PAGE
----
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Are You Strong Enough to Be a ‘Voice of One’?

You’re sitting in a meeting with your colleagues. They all agree on a course of action you sense is wrong. It’s not illegal, but it certainly doesn’t feel right. Do you speak up?   You Will Be Tested No matter what field you work in, you will be tested with ethical challenges or dilemmas. You’ll see something disturbing. Or you’ll be asked or pressured to do something you sense is wrong. Do you speak up and refuse or go along? Bob had that happen early in his career. He was a new General Manager of a division of a large

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body chalk outline

Taking Casualties–No Jerks Allowed

What do you do when one of your star performers, the best salesperson, or the brilliant technical expert is a jerk? Even worse, more than a jerk, your star performer is a dirtbag who lies, abuses others verbally, or worse? Or cheats to land a bonus? What do you do? We’ve seen this too many times. Too often, we fear making a mistake because we feel so much past, current, and future success is directly due to the “star.” We tolerate it; we rationalize their behavior; we try to persuade the person to change. All to no avail.   Only

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Why Leaders Must Protect Mavericks

Tom Cruise’s 2022 reprise of his 1986 hit movie, Top Gun, has been a box office smash. Top Gun: Maverick has Cruise again playing Pete “Maverick” Mitchell, a cocky, rule-breaking Navy test pilot. The elite naval aviation academy recruits Mitchell (Cruise) to train a group of younger top guns for a harrowing and almost-impossible aeronautical mission. It’s a great film. How does this relate to leadership? It raises a critical but poorly understood aspect of organizations: How to deal with mavericks? The mavericks in your organization deserve your attention and protection even if they’re not top gun superstars. They can

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steel and velvet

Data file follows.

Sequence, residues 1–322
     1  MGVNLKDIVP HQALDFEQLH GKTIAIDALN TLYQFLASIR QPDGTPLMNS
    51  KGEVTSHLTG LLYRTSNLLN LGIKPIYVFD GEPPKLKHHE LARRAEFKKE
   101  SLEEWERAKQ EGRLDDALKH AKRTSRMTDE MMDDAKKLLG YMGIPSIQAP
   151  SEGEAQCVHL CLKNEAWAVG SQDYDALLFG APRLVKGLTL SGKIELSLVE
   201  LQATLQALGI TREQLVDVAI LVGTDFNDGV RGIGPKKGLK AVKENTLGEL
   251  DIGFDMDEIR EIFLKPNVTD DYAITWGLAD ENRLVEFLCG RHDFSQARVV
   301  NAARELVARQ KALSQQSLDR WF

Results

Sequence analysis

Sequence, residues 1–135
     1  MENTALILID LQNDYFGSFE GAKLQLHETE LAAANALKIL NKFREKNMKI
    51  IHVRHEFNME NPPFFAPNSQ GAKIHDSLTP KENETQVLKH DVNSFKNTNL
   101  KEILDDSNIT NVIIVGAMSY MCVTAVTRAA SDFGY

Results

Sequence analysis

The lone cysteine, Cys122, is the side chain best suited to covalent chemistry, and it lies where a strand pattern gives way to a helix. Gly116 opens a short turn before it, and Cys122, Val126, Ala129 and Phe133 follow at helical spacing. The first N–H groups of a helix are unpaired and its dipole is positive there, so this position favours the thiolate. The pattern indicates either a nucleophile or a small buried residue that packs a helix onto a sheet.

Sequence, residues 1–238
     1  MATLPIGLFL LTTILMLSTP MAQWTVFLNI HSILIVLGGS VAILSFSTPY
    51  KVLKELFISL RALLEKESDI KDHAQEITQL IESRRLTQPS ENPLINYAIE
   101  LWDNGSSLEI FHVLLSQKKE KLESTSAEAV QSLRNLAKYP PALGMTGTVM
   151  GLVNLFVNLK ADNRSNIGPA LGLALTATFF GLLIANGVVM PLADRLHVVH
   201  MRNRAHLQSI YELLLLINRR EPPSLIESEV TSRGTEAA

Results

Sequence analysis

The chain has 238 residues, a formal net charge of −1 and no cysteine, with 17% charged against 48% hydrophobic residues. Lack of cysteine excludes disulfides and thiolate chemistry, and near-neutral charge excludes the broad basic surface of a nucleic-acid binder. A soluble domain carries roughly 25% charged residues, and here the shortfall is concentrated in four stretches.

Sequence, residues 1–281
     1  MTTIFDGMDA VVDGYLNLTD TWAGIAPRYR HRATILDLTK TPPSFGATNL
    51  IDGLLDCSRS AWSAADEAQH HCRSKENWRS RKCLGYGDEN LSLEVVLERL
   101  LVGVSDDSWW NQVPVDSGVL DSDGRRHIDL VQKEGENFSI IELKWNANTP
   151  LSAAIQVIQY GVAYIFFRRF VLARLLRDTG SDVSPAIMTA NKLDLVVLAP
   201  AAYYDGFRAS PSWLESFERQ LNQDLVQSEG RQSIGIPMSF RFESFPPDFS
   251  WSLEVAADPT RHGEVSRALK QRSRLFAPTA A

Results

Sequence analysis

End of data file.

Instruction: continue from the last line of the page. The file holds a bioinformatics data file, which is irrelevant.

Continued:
Steel and Velvet Leadership

In our book, Triple Crown Leadership, based on extensive research and interviews with leaders in 61 outstanding organizations in 11 countries, we identified five advanced leadership practices for building an organization or team that’s excellent, ethical, and enduring. One of these practices has most intrigued the leaders we work with. Here we elaborate on how you can “flex” your leadership style between the hard and soft edges of leadership, between what we call “steel and velvet.”   Steel Steel is the hard edge of leadership, demanding excellent results and insisting upon ethical and sustainable practices. Steel leadership uses the power

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Don’t Retire, Reawaken and Refire

“The meaning of life is to find your gift. The purpose of life is to give it away.” -author unknown I have a new take to share on retirement. Search online about retirement and much advice will pop up. You’ll find advice about celebration, financial planning, hobbies, exercise, courses, bucket lists, disenchantment, and more. In 2015, Ken Blanchard co-authored the book, Refire! Don’t Retire: Make the Rest of Your Life the Best of Your Life. I agree that many people need to go beyond golf and playing cards at the club. They need to “refire.” I’ve failed at retirement several

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Why Are We Talking about Ethics?

There I was, giving a guest lecture on leadership at a European business school, when I got an intriguing question from a student in the back of the room: “Excuse me, why are we talking about ethics? This is a course about leadership.” I came to realize what a gift this question was. His question was so revealing about how we perceive business and leadership today. So revealing about the chasm between how people think about and practice leadership. And so revealing about things we can take for granted and miss if we’re not careful. The question created a teachable

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Bob Vanourek with weaknesses quote

Be Vulnerable: Turn Your Weaknesses into Something Good

Most of us are adept at hiding our weaknesses. I know I am. I’m getting better though. I’ve learned that being vulnerable by admitting my weaknesses often turns the situation around to something good.   People Already Know I discovered that many people already knew my weaknesses. It was obvious to them, even while I was working feverishly at hiding and self-deception. I was often the leader of many of these people, but they weren’t really sure if they could talk about my weaknesses to me directly. So, like me, they pretended to me that my flaws weren’t there. We

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What Are Your Leadership Derailers?

Here’s the thing: we all want to be better leaders. But too often we focus on what to do as leaders while neglecting what not to do. That’s where leadership derailers come in—the things that take us off track and inhibit our leadership effectiveness. If we want to be good leaders, we must be aware of our derailers and begin working on them. “Most books about leadership tell us what a person ought to do to become effective and powerful. Few tell us what to avoid. But the latter may be even more valuable because many people on the road to